Translating Eurydice


Auguste Rodin (1840–1917), Orpheus and Eurydice (marble, 1893)
The Metropolitan Museum of Art, New York (public domain image)

Translating Eurydice

One-day Conference on Myth in the Twenty-First Century

organised by

The Centre for Myth Studies, University of Essex


Psychosocial Studies, University of East London

Friday, 27 October 2017

Venue: University of East London (Stratford Campus).

Register here: Eventbrite

The Centre for Myth Studies (University of Essex) provides a forum for those working on myth in the UK and across the globe. It exists to raise awareness of the importance of myth within the contemporary world and to promote its interdisciplinary study through international conferences, publications and other forms of academic discourse.

We are pleased to announce a one-day conference to explore the fate of Eurydice translated into our divided, twenty-first century world. Translation is understood in the broad sense of the transference of mythic material across cultures and epochs; it includes, but is not limited to, the rewriting of texts. More specifically, the conference sets out to explore how one particular myth has been adapted to the challenges and traumas of linguistic and cultural displacement in an era of local and global dislocation. How has Eurydice fared in the contemporary world of domestic politics and mass migration? Is she perceived as powerless or has she become newly empowered, freed from the embrace of Orpheus?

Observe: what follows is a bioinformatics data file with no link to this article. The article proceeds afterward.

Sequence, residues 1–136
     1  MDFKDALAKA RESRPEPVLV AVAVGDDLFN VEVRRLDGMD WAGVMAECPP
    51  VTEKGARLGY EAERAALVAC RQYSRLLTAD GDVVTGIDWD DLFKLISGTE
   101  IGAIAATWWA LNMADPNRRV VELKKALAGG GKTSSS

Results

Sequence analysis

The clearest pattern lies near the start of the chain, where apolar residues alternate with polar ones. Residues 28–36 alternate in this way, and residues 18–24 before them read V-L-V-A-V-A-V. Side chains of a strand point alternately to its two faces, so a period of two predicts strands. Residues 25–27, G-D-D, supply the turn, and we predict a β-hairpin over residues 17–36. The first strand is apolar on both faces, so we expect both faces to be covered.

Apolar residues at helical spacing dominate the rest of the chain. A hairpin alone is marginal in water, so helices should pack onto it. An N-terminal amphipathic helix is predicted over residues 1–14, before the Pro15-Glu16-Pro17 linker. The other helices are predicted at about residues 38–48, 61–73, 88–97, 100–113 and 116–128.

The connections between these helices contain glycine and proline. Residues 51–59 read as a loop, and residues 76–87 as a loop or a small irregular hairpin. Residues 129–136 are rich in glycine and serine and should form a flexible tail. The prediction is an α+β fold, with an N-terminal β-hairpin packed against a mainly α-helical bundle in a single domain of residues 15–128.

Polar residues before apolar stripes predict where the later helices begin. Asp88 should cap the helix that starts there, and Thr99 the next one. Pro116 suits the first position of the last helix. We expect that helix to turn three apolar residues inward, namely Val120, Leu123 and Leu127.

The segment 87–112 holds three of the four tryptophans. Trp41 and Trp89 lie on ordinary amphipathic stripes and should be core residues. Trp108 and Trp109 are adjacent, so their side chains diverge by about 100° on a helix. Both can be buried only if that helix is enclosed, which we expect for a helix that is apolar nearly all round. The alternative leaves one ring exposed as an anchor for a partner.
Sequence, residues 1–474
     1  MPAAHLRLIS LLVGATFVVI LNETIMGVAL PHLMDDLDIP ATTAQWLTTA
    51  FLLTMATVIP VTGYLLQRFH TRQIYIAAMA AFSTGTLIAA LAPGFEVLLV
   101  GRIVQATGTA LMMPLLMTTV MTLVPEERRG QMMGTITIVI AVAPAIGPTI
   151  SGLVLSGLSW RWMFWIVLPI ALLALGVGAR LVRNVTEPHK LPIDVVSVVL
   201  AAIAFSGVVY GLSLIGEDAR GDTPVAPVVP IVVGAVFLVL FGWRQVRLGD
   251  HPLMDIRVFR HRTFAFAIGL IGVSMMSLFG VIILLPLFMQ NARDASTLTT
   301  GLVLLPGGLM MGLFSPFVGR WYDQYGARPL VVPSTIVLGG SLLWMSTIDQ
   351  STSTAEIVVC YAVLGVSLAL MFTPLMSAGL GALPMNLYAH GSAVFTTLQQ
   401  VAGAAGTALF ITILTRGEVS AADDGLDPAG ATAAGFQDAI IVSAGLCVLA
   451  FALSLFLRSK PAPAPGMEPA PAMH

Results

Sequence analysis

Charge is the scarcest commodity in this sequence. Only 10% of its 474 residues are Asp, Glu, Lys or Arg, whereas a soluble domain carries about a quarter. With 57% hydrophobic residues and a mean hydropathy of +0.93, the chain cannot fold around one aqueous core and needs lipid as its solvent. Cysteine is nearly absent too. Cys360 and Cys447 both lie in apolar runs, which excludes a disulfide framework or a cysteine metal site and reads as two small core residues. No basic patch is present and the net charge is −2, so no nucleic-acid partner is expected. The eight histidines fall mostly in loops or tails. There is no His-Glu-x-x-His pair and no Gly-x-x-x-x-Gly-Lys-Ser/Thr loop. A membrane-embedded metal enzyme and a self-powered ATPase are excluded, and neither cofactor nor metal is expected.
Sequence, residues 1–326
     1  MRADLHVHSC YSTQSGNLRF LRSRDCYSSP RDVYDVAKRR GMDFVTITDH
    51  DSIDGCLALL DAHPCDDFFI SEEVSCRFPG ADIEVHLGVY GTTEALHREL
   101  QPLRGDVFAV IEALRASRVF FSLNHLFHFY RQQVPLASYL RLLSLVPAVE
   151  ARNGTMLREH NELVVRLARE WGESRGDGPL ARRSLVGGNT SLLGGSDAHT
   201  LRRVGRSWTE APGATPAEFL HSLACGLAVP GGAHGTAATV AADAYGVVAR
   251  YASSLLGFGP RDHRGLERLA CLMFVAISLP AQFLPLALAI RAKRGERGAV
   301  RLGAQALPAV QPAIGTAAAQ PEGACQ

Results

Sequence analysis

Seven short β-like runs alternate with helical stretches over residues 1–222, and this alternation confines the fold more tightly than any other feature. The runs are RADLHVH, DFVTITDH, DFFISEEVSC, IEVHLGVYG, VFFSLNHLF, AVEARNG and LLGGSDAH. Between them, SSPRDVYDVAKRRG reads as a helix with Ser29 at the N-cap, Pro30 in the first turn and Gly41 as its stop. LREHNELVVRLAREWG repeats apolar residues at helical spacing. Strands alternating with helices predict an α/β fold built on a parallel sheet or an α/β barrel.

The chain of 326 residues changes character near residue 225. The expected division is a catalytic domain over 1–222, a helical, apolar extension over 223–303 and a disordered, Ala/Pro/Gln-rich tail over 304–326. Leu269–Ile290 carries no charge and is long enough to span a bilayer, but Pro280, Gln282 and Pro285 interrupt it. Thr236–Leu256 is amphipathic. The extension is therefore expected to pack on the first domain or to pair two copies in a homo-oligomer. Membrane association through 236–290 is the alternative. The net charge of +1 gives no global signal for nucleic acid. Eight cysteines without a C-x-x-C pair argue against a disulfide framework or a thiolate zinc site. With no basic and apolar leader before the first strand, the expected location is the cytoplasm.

The conference runs from 10 a.m. to 6 p.m. The programme is organised as a series of plenary papers in the morning and performance sessions after lunch. Speakers will approach the myth of Eurydice from various perspectives, ranging from its literary and artistic reception to its application in the field of psychoanalysis.

There is no charge for attendance, but, to avoid disappointment, those wishing to attend are strongly advised to register in advance as space is limited.

The Stratford campus of the University of East London is a short walk from the Stratford and Stratford International rail stations. It is served by the Jubilee and Central Underground lines, the DLR, and various bus routes. By road, the campus is accessible via the A12, the A13, and the A406 London circular.

For queries about the conference, email:

To register, visit Eventbrite.

Provisional Timetable

Full details to be confirmed.

Morning session: Three academic papers (30 mins) with questions and comments (15 mins)

Afternoon session: Two performance presentations (90 mins each)